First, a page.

Buying Guide: How to Pick Your Ideal Hiking Socks

Your feet are the most impor­tant part of any hik­ing set­up, and you should use the same atten­tive care that you apply when select­ing the right pair of hik­ing shoes or boots as you do for select­ing your hik­ing socks. The fol­low­ing top­ics will help you learn how to choose the best hik­ing socks for your next trip down the trail.

person sitting in tent with hiking socks

Hav­ing the right weight, mate­ri­als, and length for the activ­i­ty you’re doing makes all the dif­fer­ence. It deter­mines whether you’ll have red-blis­tered bark­ing feet or hap­py feet. Of all the choic­es you’ll come across, what you’re tru­ly look­ing for is the pre­ferred bal­ance of all these options list­ed below:

Choos­ing a Sock Weight


If you’re hav­ing prob­lems with blis­ters, lin­ers might solve them. This extreme­ly thin silk or syn­thet­ic polypropy­lene sock wicks mois­ture away from your feet there­by remov­ing the blis­ter-caus­ing agent. Wear the lin­er alone on the hottest days or pair them with anoth­er light­weight sock for a ter­rif­ic hik­ing setup.


Qual­i­ty light­weight hik­ing socks are an essen­tial com­po­nent of your hik­ing gear. Built to wick mois­ture and keep your feet cool and dry, these are the socks best fit for warm-weath­er hik­ing, and can safe­ly be worn with­out liners.


These heav­ier socks pro­vide warmth and com­fort. They typ­i­cal­ly fea­ture addi­tion­al cush­ion­ing in the ball of the foot and in the heel of the sock. This is use­ful for extend­ed days on the trail or for climb­ing moun­tains that require hik­ing across talus scree fields.


These are the warmest, heav­i­est, and most cush­ioned socks avail­able. Their intend­ed pur­pose is for alpine pur­suits and moun­taineer­ing expe­di­tions, but they are great to bring along as your cozy camp socks on any trip.

Best Mate­ri­als Avail­able (in Alpha­bet­i­cal Order)

A sec­ond fac­tor to keep in mind: Dif­fer­ent mate­ri­als have dif­fer­ent wick­ing, dry­ing, and heat holding/dispersing prop­er­ties. Here are the options you want to consider.

Alpaca wool:

It’s less itchy than ordi­nary wool because the indi­vid­ual fiber length is much short­er– mak­ing it soft and com­fort­able against your skin. If you have sen­si­tive skin you might pre­fer this option since this hypoal­ler­genic mate­r­i­al that con­tains no lano­lin. It’s a ter­rif­ic insu­la­tor and wicks mois­ture well, so it’s a ver­sa­tile fabric.


Because of the hol­low struc­ture of the fibers, which makes it super-absorbent, anoth­er pop­u­lar mate­r­i­al on the rise is bam­boo. This mate­r­i­al effec­tive­ly wicks mois­ture away from the skin, offers breatha­bil­i­ty com­pa­ra­ble to cot­ton or wool.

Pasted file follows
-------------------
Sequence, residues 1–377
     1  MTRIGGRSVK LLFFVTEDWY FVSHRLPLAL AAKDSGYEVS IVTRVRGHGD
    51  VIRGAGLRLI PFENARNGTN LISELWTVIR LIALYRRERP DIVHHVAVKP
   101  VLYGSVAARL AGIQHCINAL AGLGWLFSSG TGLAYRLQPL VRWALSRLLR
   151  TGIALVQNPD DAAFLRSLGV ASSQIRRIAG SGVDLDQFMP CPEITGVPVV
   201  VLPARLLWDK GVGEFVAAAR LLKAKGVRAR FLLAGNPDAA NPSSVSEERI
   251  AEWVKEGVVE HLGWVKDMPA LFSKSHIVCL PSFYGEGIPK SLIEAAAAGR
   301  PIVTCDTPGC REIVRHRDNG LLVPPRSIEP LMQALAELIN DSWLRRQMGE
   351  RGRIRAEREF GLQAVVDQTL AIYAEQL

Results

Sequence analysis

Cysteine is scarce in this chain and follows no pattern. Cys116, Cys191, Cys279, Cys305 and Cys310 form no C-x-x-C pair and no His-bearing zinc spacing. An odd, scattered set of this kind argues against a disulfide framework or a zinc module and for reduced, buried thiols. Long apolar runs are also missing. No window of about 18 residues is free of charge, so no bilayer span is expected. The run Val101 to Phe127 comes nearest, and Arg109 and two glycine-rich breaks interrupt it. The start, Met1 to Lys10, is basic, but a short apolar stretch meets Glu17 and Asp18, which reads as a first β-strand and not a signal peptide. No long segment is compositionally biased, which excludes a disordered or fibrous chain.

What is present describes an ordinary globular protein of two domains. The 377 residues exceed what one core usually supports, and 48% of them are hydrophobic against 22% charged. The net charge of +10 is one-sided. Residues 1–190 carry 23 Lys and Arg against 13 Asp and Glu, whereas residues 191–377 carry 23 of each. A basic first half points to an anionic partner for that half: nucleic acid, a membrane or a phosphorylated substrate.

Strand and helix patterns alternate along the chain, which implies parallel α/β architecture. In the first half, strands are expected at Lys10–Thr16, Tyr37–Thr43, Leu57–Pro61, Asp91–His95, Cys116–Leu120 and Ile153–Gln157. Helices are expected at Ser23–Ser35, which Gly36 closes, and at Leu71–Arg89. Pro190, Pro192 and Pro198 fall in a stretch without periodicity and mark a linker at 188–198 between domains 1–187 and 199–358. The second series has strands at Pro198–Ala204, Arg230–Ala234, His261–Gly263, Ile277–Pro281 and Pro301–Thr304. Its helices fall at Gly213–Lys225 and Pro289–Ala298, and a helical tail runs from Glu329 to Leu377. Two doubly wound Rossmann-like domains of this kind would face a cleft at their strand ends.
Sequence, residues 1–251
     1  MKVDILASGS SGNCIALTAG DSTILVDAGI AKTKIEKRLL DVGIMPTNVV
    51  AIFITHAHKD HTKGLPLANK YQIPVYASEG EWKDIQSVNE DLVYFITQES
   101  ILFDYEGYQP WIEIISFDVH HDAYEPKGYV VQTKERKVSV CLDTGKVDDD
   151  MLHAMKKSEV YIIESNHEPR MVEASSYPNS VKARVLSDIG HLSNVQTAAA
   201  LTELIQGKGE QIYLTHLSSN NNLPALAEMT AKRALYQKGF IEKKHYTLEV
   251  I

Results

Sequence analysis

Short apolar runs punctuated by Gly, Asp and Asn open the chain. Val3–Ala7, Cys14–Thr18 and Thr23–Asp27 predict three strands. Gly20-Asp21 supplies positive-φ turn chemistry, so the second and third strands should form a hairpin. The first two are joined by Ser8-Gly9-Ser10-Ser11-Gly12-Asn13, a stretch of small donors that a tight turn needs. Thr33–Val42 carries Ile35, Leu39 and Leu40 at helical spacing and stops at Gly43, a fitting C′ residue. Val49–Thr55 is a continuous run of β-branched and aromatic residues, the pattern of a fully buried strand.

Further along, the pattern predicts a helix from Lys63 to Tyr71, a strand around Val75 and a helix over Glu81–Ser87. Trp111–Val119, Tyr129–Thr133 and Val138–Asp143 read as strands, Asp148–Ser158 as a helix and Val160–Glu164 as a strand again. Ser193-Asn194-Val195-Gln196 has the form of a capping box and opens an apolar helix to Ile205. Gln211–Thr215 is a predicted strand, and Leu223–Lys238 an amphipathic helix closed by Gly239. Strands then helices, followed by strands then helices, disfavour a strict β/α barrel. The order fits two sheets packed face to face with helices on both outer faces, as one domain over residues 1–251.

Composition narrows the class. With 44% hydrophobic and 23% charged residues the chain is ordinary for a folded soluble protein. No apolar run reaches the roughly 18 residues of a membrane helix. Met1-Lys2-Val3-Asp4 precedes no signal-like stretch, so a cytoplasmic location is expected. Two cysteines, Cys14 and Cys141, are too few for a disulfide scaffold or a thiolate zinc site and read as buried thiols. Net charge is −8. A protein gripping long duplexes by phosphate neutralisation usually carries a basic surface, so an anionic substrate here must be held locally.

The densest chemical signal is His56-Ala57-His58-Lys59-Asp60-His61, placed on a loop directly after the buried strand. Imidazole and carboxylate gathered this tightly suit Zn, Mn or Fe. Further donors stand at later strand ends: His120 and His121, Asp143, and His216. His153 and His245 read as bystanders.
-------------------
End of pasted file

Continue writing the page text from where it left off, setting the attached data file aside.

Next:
Cot­ton / Cot­ton Blends:

Cot­ton is one of the most com­fort­able all-nat­ur­al fab­rics in the world, but because it absorbs mois­ture, dries slow­ly, and pro­vides no insu­la­tion when wet, 100% cot­ton is a poor choice for the out­doors. Many socks, how­ev­er, do take advan­tage of the com­fort and pro­vide blends. The wet­ter or hot­ter it’s going to be, the low­er you’ll want the cot­ton ratio.

Meri­no Wool:

The unique mate­r­i­al comes from a spe­cial­ized New Zealand sheep that has soft­er wool than ordi­nary wool. It has the same insu­lat­ing and water repelling qual­i­ties as ordi­nary wool, but the soft­er feels tend to cre­ate less hot spots on your foot while hiking.

Silk / Silk Blends:

Silk is an advanced nat­ur­al fab­ric. It’s lux­u­ri­ous­ly com­fort­able while also capa­ble of wick­ing mois­ture away from your foot. It also has nat­ur­al insu­lat­ing prop­er­ties that make it a great choice for warm weath­er hik­ing or as the main mate­r­i­al in a sock liner.

Syn­thet­ic Blends:

The mod­ern hik­ing sock is typ­i­cal­ly a weave of mul­ti­ple nat­ur­al and syn­thet­ic mate­ri­als. Cool­max and polypropy­lene increase the mois­ture-wick­ing capa­bil­i­ties of cot­ton or wool socks. Nylon and span­dex are added to many hik­ing socks of all kinds to pro­vide a fit­ted design. This is espe­cial­ly impor­tant for main­tain­ing the socks’ shape, which pre­vents it from slid­ing on your foot, there­by reduc­ing blis­ter-caus­ing fric­tion. Oth­er syn­thet­ic options include poly­ester and rayon.

Wool (Clas­sic):

Wool is the most com­mon fab­ric for hik­ing socks. It’s insu­lat­ing and mois­ture-wick­ing capa­bil­i­ty is top notch, and over the years it’s ragged, rough tex­ture has been great­ly min­i­mized in high-end gar­ments by using soft meri­no wool or weav­ing it with oth­er syn­thet­ic fabrics.

The Pre­ferred Length

Most hik­ing socks come in a stan­dard crew-style length, so there’s no need to stress on this deci­sion. If you do have the option though, opt­ing for a mid-length sock is usu­al­ly best, as it’ll help pro­tect your ankles from dirt, bugs, and branch­es while out on the trail.

If you’ve gone on a few hikes and feel like your ankles need to be free, you can always pick up some no-show or ankle socks.

Shop The Clym­b’s hik­ing socks here.